My attempt at explaining double slit experiment

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Bust Nak
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My attempt at explaining double slit experiment

Post #1

Post by Bust Nak »

... Or at least the basics there of, in my own words. So we are on the same page, I will start with the macro world that we are familiar with, of water waves and solid pellets.

Two important wave behaviors for waves such as those on the surface of water:

When a wave hits a screen with a slot of a similar gap as its wavelength, it generating a circular wave on the other side of the screen. This is known as diffraction. If you were to capture the result on a graph at the far end of a water tank, you would get a general smudge - the energy is spread out in all direction this side of the screen.

Waves have trough and crest, when the trough of one wave coincide with the crest of another wave, they cancel out and we are left with a local spot of calm water. On the other hand, when the crest of one wave coincide with the crest of another, they add up and we get a localized high point. When two waves of the same wave length, originate from nearby points meets, the crests and troughs lines up and form an interference pattern. Which is easily visualized as light and dark patches when a lamp is shined on the surface of the water. Such synchronized waves can be easily generated by making use of diffraction effect as described above, by sending a wave towards a screen with two slots.

Particle behavior such as pellets fired from a gun:

Not much to explain, a pellet has a distinct location and interact with other solids when one hits the other. If you fire pellets at a screen you would see them land at distinct spots. Put a shield with a slit in the middle, some would hit the shield and be stopped. Some would pass through the slit and continue it's path to screen. Similarly, fire a bunch of pellets towards a shield with two slits, you would get a two distinct piles of pellets as the result.

Nothing out of the ordinary so far. Now on to the micro scale of the double slits experiment. Here I use photons, but they can be atoms, or sub other atomic entities such as electrons.

Quantum weirdness as demonstrated by a series of experiments

1) Fire streams of photons (beam of light) at a screen with one slit, the experiment shows one distinct light band and dark area elsewhere. This is as one would expect as if firing pellets through one slit.

2) Fire streams of photons at a screen with two slits, the experiment show light and dark bands of an interference pattern, as opposed to the two distinct light bands. This is as one would expect as if a water wave travel through two slits.

3) Cover up one slit of experiment 2) and you get the result of 1) again.

This much shows that photons (and atoms and electrons and so on) are both waves AND Particles. Weird but not crazy weird.

4) Now power the photon gun right down, so instead of streams of photons, it fires one individual photon, at one slit. You get one localize pin point of light on the screen. Fire the gun again with another photon, it goes through the slot and lands nears the first one. Fire them one at a time, over many shots, you get the same distinct band of light as experiment 1). Just as one would expect, it would not matter if the photons were fired one at a time or a whole bunch together.

5) But what if you fire photons one at a time at two slits? Common sense tells us that it would go through one slit or the other. This is where firing one at a time would make a difference, as you need two waves to generate a interference pattern, right? Run the experiment and one photon goes through a slit and land at a distinct spot on the screen. Now fire lots more, one at a time, and each photon lands individually, to build up the interference pattern as in experiment 2).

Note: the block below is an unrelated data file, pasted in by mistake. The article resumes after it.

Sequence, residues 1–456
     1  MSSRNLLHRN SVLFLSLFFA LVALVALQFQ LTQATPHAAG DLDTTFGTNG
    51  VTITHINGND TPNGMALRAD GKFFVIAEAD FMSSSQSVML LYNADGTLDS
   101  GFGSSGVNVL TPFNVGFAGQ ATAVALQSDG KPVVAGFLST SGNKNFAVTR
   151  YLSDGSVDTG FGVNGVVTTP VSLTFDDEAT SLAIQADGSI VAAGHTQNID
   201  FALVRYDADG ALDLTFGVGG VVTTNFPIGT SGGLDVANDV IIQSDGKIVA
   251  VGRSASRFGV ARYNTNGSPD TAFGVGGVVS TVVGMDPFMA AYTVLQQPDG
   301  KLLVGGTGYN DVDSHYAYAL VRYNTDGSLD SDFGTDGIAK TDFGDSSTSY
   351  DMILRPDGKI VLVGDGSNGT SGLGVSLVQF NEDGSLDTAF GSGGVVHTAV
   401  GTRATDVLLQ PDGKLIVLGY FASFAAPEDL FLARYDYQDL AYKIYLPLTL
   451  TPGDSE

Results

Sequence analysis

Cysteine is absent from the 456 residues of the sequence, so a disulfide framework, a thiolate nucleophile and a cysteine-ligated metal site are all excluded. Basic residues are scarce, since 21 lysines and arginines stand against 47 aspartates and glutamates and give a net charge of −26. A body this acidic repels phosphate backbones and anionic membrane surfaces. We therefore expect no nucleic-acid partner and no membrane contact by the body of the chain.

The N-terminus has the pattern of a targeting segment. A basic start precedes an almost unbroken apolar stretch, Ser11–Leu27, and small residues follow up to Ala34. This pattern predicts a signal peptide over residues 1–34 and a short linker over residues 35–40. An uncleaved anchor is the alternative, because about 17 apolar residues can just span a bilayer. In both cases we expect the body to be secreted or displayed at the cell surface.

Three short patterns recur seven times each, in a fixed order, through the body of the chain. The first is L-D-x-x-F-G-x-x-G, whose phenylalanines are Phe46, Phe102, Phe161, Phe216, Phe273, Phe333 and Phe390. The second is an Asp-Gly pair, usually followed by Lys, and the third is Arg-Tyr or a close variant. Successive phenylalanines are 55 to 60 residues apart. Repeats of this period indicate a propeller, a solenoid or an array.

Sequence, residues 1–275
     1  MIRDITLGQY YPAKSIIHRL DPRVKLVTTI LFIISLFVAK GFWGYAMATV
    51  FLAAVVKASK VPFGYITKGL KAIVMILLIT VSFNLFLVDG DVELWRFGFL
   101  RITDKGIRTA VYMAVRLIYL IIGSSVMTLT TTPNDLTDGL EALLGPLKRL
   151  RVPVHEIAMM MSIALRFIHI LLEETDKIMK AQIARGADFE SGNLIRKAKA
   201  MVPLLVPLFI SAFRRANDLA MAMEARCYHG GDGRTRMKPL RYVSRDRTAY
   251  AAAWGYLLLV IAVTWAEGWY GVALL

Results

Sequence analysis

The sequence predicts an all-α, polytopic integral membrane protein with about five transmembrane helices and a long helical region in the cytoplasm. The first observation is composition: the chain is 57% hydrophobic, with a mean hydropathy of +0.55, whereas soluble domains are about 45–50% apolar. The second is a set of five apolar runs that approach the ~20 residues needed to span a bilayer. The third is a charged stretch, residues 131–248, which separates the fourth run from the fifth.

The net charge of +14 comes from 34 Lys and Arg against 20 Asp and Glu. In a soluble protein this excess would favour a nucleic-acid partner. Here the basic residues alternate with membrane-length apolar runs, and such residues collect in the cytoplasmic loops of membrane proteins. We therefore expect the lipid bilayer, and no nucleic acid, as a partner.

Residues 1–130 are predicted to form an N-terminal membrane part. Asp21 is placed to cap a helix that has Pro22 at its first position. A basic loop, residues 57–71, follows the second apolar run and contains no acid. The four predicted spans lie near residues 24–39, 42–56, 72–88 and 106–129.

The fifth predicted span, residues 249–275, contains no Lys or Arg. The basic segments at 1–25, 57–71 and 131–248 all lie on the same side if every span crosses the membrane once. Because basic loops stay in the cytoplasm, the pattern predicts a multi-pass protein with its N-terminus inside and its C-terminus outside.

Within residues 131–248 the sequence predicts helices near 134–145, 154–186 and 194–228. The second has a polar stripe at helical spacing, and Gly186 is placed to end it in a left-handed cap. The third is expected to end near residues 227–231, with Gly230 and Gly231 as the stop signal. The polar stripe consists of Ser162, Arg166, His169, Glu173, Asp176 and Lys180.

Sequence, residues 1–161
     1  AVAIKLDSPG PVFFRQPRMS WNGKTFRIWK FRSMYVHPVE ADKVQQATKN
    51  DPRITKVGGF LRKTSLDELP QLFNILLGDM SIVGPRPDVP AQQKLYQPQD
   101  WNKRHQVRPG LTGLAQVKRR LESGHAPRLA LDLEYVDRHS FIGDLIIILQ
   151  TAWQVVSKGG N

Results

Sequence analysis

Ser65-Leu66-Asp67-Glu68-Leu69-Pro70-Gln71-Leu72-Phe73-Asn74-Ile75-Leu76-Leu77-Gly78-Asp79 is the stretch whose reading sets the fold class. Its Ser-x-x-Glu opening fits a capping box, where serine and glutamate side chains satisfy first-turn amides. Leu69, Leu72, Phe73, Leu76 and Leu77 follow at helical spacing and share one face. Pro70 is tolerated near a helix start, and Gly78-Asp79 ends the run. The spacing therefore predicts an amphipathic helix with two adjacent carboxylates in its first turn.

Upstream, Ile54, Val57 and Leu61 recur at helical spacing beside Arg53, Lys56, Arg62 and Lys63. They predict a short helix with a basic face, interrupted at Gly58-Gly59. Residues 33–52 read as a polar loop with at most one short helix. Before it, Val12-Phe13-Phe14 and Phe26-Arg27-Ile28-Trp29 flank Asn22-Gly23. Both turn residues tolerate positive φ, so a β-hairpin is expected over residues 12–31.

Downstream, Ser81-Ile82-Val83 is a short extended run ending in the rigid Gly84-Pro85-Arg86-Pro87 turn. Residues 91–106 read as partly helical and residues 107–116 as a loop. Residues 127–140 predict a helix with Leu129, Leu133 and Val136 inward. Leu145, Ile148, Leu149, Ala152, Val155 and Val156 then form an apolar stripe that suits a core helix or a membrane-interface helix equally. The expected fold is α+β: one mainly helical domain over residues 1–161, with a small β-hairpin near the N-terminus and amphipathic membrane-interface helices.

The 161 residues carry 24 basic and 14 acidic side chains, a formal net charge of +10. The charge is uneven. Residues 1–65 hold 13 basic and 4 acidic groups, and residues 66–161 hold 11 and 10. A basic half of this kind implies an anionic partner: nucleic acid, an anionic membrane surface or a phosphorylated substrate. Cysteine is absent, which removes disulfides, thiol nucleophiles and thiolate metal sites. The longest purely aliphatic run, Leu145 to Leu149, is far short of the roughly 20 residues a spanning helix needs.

Now this is crazy weird, for the interference to happen, you need the troughs and crests of two wave. This implies that one individual photon traveled through both slits, then collapse back to a distinct particle as it hits the screen. You can describe this weirdness as the photon "existing at two places at once," or "everywhere at once," or perhaps "no where at all, until it hits the screen."

6) Bonus weirdness, if you place a detector at one of the slot to record the path of the photons, then sure enough 50% of the time, photons go through one slit and 50% of the time they go through the other. And you would get two distinct bands of light, not the interference pattern in 5).

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Post #2

Post by Bust Nak »

That was hard without pictures...

Now for the reason why I attempted this to begin with. In another thread other posters and I were discussing determinism. The weirdness seen in experiment 5) where an individual particle does not exist in one location, but as general field of probability, where it "exist" as 0.01% chance here, and 0.0005% chance over there, is what I would call genuine randomness. We don't know where it is not because we lack information, but because we can't know where it is because it's not really anywhere.

This phenomenon, I'd argue, is fatal to determinism in the purest sense of the term. There is genuine uncertainty in the universe.

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Post #3

Post by Miles »

Bust Nak wrote: That was hard without pictures...

Now for the reason why I attempted this to begin with. In another thread other posters and I were discussing determinism. The weirdness seen in experiment 5) where an individual particle does not exist in one location, but as general field of probability, where it "exist" as 0.01% chance here, and 0.0005% chance over there, is what I would call genuine randomness. We don't know where it is not because we lack information, but because we can't know where it is because it's not really anywhere.

This phenomenon, I'd argue, is fatal to determinism in the purest sense of the term. There is genuine uncertainty in the universe.